Objective: To assess the feasibility and actual performance of ultrasound control in verification of the correct positioning of a nasogastric tube in pre-hospital settings.
Study type: Prospective, observational, single-centre study.
Patients and methods: Correct positioning of nasogastric tubes in patients intubated in a pre-hospital setting was verified by ultrasound and routinely compared with the results of two pre-hospital tests, namely a test involving insufflation of air through a syringe coupled with epigastric auscultation and a test involving aspiration of gastric fluid with a syringe. Routine x-ray control was carried out and compared with the pre-hospital results.
Results: Ninety-six patients were included. Mean age was 52 years (median: 53.5 years, SD: 23 years). In 83% of the patients (n=80), the nasogastric tube was located by ultrasound immediately during the insertion procedure. The mean times to ultrasound confirmation of correct positioning of the nasogastric tube were 7s (median: 2s; SD: 16s) and 19s for the syringe tests (median 19s, SD: 5s). Eight ultrasound control tests were negative. Location coupled with insufflation of air through a syringe allowed detection of the nasogastric tube in the stomach but without providing confirmation of the actual gastric position. The pre-hospital ultrasound results were confirmed by subsequent radiological controls at the hospital.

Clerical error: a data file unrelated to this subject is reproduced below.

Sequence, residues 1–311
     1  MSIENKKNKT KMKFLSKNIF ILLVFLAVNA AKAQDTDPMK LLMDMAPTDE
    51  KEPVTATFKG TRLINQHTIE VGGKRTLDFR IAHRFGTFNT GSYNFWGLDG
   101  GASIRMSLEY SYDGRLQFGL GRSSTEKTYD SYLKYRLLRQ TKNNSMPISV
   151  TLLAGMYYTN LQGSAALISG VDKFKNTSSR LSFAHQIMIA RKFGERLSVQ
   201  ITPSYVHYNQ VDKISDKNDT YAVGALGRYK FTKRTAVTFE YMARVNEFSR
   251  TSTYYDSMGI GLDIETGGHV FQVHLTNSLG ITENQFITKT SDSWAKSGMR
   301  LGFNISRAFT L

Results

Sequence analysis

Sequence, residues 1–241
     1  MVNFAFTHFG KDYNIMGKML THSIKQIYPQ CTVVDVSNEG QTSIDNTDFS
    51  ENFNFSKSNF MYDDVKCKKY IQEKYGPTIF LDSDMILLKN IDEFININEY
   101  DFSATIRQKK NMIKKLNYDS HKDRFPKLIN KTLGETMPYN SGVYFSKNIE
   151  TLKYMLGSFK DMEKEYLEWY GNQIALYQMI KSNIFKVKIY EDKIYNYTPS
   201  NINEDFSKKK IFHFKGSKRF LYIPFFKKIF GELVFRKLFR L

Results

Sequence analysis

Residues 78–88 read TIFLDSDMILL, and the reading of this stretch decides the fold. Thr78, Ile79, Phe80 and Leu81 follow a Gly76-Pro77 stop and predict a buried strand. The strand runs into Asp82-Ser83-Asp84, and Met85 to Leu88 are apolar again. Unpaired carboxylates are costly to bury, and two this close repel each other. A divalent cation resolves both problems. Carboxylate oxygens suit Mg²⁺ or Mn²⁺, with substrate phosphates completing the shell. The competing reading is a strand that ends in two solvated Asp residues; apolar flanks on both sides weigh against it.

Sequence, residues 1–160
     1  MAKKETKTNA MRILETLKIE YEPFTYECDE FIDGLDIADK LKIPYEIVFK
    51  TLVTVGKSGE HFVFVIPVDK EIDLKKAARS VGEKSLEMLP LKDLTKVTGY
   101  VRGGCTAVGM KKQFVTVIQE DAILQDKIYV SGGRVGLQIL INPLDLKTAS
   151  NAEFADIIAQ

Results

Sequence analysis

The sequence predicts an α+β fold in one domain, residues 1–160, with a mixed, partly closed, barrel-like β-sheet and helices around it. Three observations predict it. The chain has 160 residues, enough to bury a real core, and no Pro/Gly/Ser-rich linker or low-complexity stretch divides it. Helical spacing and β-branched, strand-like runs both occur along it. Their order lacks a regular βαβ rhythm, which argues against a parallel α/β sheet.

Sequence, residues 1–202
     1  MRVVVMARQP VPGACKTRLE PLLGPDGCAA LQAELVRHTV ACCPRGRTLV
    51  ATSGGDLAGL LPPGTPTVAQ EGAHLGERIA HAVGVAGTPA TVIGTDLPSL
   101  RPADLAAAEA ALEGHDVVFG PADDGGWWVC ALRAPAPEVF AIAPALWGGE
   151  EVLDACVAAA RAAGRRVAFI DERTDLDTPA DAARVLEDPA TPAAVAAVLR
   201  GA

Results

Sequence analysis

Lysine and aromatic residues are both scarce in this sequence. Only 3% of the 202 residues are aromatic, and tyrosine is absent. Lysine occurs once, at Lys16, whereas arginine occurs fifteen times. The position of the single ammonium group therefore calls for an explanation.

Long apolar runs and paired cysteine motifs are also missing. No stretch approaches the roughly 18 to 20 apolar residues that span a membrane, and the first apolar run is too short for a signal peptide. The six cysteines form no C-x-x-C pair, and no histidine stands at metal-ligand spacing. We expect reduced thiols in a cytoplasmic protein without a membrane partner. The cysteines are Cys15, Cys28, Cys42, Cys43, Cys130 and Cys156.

Conclusion: The ultrasound test performed in our study to verify correct positioning of a nasogastric tube is feasible in a pre-hospital setting. This technique is rapid and non-irradiating and is more sensitive and specific than the syringe tests commonly used in pre-hospital settings, and it may be performed in place of the latter tests.
Copyright © 2012 Société française d’anesthésie et de réanimation (Sfar). Published by Elsevier SAS. All rights reserved.